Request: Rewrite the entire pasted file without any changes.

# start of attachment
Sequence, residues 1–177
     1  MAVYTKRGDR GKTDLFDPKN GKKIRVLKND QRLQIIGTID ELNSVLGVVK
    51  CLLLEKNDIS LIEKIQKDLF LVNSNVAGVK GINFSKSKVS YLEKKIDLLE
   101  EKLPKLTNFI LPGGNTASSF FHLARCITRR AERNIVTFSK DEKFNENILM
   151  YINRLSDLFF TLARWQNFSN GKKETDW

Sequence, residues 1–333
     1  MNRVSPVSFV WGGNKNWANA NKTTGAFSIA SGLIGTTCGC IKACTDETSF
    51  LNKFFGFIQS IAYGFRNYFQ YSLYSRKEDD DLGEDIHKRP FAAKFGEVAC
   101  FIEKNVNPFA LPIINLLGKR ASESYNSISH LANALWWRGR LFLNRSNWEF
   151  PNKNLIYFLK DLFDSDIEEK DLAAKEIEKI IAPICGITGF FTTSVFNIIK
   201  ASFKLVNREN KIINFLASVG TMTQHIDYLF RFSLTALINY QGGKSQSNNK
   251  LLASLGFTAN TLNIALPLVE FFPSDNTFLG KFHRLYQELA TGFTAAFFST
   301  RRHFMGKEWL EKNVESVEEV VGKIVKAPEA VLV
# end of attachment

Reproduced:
Sequence, residues 1–177
     1  MAVYTKRGDR GKTDLFDPKN GKKIRVLKND QRLQIIGTID ELNSVLGVVK
    51  CLLLEKNDIS LIEKIQKDLF LVNSNVAGVK GINFSKSKVS YLEKKIDLLE
   101  EKLPKLTNFI LPGGNTASSF FHLARCITRR AERNIVTFSK DEKFNENILM
   151  YINRLSDLFF TLARWQNFSN GKKETDW

Sequence, residues 1–333
     1  MNRVSPVSFV WGGNKNWANA NKTTGAFSIA SGLIGTTCGC IKACTDETSF
    51  LNKFFGFIQS IAYGFRNYFQ YSLYSRKEDD DLGEDIHKRP FAAKFGEVAC
   101  FIEKNVNPFA LPIINLLGKR ASESYNSISH LANALWWRGR LFLNRSNWEF
   151  PNKNLIYFLK DLFDSDIEEK DLAAKEIEKI IAPICGITGF FTTSVFNIIK
   201  ASFKLVNREN KIINFLASVG TMTQHIDYLF RFSLTALINY QGGKSQSNNK
   251  LLASLGFTAN TLNIALPLVE FFPSDNTFLG KFHRLYQELA TGFTAAFFST
   301  RRHFMGKEWL EKNVESVEEV VGKIVKAPEA VLV